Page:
The World Health Organisation’s (WHO) recent report claimed that British teenagers are among the most troubled in the world, coming off 3rd worst in terms of happiness within a survey of 42 countries. This statistic is startling and demands serious attention. But why are teenagers so distressed? What are the implications? And what can we do about it?
To fully grasp this issue we need to understand two things. Firstly, there is clearly an epidemic of unhappiness plaguing young people. But, unlike viral epidemics, there is no instant vaccine to solve or guard against unhappiness, let alone eradicate it altogether. The human brain is both a remarkable and unimaginably complex system. Unhappiness in the modern world is often the result of multiple and complexly interrelated external factors impacting on equally complex internal factors, shifting our neural chemistry in slight and undetected ways. And boy is there a vast array of complex input facing young people today: the anxiety of curating identity in a social media world, the pervasive threats of terrorism and global warming, distrust of the political establishment, the age-old turbulence of puberty – take your pick. This problem of unhappiness is multi-factorial.
Secondly, by normalising the need to be happy we inadvertently pathologise unhappiness. The Dalai Lama says “the very purpose of life is to seek happiness”. Bookshop shelves are warped by the overabundance of self-help tomes. Social media feeds depict images of friends, peers, colleagues, and celebrities having fun, always at a zenith of happiness but never in a nadir of unhappiness. But this discursive and pictorial construction of happiness as something we should have if only we put the right amount of effort in creates a misreality gap whereby self-expectations become unrealistic, unattainable, and thus torturous. Even the WHO outlines an all too utopian definition of health, describing it as “a state of complete physical, mental, and social wellbeing and not merely the absence of disease or infirmity.” Happiness, by consequence, is the total absence of unhappiness, meaning we struggle against unhappiness. Yet, as Carl Jung perceived, “what you resist persists,” meaning our delusional desire to eradicate unhappiness is not only futile but creates a nocebo that gives increased potency to misery.
The expectation to be happy dints the experience of happiness itself and renders the experience of unhappiness all the more catastrophic – especially for young people during their fragile, formative years. They may conclude that their unhappiness reveals a personal fault and that only they are unhappy, leading to feelings of abnormality and isolation. This adds fuel to the fires of metacognitions like rumination, worry and stress about the unhappiness felt, only exacerbating negative emotions.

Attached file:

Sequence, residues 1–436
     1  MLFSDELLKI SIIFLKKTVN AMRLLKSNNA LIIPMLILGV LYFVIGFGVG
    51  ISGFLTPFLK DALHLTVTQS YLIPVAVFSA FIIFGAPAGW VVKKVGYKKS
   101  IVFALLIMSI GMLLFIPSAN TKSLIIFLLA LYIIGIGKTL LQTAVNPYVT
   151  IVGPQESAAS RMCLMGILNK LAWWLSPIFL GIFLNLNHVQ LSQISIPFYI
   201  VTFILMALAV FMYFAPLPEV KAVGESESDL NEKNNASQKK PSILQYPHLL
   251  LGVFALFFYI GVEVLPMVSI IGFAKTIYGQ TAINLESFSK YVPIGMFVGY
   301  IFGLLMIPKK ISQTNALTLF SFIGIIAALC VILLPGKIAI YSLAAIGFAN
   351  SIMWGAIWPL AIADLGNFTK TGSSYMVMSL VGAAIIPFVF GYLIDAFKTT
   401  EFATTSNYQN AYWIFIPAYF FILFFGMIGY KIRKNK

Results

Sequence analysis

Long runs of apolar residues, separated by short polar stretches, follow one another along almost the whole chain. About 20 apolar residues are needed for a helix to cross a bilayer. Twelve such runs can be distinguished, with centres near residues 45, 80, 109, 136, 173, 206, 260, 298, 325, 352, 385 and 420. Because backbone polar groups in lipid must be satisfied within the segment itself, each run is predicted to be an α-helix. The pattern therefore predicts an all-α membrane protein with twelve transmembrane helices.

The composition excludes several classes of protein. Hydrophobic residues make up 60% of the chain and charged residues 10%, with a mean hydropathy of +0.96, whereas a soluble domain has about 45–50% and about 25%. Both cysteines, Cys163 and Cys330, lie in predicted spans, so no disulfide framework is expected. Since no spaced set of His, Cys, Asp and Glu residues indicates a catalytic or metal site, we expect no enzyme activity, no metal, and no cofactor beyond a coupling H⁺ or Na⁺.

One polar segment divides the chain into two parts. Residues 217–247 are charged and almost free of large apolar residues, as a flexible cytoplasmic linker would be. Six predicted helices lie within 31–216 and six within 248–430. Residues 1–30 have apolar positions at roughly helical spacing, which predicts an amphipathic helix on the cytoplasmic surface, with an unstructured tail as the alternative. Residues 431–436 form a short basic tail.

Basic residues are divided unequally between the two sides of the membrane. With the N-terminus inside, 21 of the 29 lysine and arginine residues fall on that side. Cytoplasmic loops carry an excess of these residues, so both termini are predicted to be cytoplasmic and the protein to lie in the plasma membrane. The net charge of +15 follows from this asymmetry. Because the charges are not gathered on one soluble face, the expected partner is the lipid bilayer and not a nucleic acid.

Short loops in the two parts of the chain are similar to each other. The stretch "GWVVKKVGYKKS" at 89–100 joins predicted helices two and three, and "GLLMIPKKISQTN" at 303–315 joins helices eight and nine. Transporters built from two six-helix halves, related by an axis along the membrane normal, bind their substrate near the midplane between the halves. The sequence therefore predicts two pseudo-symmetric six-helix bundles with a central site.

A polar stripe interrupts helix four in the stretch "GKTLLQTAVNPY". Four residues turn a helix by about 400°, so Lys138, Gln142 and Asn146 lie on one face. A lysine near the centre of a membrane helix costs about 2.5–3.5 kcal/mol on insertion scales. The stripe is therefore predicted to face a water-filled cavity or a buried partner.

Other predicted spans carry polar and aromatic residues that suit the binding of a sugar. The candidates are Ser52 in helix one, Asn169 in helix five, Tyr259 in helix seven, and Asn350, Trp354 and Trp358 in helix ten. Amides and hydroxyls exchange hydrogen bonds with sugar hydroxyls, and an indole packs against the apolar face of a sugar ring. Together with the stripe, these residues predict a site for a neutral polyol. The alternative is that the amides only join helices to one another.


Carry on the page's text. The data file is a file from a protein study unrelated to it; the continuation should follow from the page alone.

Although it may arise unpredictably, unhappiness is a normal part of universal human existence. But our society suggests to young people that it isn’t. Evolution has shaped our minds so that we strive to increase our intellectual faculties, status, and belongings. The flipside of this pursuit is that we sometimes come up short against our own aspirations and our perception of others. But the negative emotions that result aren’t the result of some ineffable force’s spiteful design; rather, they are part of the evolutionary process that encourages us to learn and develop, to adapt and improve. Unhappiness is not abnormal but inevitable – even necessary. Without it we wouldn’t even have happiness, or, at least, we wouldn’t know we did.
New therapies, such as Professor Steven Hayes’ Acceptance and Commitment Therapy (ACT), seeks to re-evaluate notions of happiness and unhappiness, helping individuals come to terms with happiness’ impermanence and unhappiness’ inevitability. Along the lines of Viktor Frankl’s ‘paradoxical intention’ in Logotherapy that involves the deliberate practice of a thought or habit to remove it, ‘acceptance therapies’ provide patients relief by encouraging them to better understand unhappiness, even finding comfort and stability in their unhappiness. Ultimately its goal is to normalise unhappiness rather than pathologise it.